The Hoia-Baciu Forest, Romania
Located in northwestern Romania, the Hoia-Baciu is known as the “Bermuda Triangle” of Romania in that strange disappearances are said to have occurred here, like a shepherd believed to have disappeared with a flock of 200 sheep and a five-year-old girl who disappeared here only to emerge five years later without having aged. Visitors often “report intense feelings of anxiety and the feeling of being constantly watched,” the forest’s website warns, and the locals tend to stay away because they fear that if they enter, they will never find their way out.
The Forest of Broceliande, France
The Fôret de Brocéliande, located in Brittany, France, is said to be the forest of the King Arthur legend and is rumoured to be home to the Tomb of Merlin (pictured). That wouldn’t make it spooky, in and of itself… except the Vals Sans Retour (Valley of No Return) is said to be where the sorceress Morgan le Fay (King Arthur’s half-sister) imprisoned young unfaithful men. In more recent times, the valley was the site of a terrible fire in 1990 that ravaged the forest, memorialised by a golden tree at the entrance to the valley (planted a year later). Want to live like royalty?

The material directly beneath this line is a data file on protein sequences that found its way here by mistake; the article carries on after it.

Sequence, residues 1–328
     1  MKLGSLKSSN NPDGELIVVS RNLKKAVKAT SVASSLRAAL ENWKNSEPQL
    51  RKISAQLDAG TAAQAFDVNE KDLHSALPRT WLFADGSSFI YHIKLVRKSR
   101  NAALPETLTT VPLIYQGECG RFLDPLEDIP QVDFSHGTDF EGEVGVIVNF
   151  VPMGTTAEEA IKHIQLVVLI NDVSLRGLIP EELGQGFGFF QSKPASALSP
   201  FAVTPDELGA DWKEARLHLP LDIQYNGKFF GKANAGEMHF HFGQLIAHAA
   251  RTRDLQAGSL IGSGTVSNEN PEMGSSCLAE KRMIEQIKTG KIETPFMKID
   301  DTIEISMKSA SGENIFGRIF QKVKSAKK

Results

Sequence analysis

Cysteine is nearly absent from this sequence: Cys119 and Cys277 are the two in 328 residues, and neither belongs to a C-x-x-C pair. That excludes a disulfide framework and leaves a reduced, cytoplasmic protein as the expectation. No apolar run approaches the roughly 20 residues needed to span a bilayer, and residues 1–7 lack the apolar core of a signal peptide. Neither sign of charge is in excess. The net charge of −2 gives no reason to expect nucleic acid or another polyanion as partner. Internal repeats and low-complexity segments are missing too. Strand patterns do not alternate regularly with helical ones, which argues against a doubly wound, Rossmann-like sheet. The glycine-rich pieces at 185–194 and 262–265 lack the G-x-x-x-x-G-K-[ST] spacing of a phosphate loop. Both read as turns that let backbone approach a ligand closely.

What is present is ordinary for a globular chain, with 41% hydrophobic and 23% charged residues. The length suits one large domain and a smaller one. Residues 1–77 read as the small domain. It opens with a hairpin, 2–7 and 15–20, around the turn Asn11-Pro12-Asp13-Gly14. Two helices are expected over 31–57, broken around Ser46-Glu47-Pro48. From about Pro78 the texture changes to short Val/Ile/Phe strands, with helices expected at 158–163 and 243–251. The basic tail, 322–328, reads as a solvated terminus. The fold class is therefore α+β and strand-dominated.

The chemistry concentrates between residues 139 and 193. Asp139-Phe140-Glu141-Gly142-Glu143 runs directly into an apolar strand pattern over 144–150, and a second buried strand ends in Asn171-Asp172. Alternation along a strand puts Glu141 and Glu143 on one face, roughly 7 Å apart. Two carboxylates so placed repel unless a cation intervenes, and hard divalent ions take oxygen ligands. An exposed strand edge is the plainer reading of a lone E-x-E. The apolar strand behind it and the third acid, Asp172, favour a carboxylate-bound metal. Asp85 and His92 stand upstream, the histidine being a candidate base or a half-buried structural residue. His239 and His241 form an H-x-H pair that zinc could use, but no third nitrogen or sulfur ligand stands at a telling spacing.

The Smolensk Forest, Russia
In 1943, at the height of World War II, German troops invaded the Smolensk Forest and discovered a mass grave containing thousands upon thousands of dead Polish soldiers (20,000, by some estimates). Ultimately, it was determined they’d been massacred on Joseph Stalin’s orders. If the presence of 20,000 lost souls wasn’t enough to frighten people away, then the tragic plane crash that took place there in 2010, which killed 96 Polish political, military and business leaders, hammered the nail into the coffin, so to speak.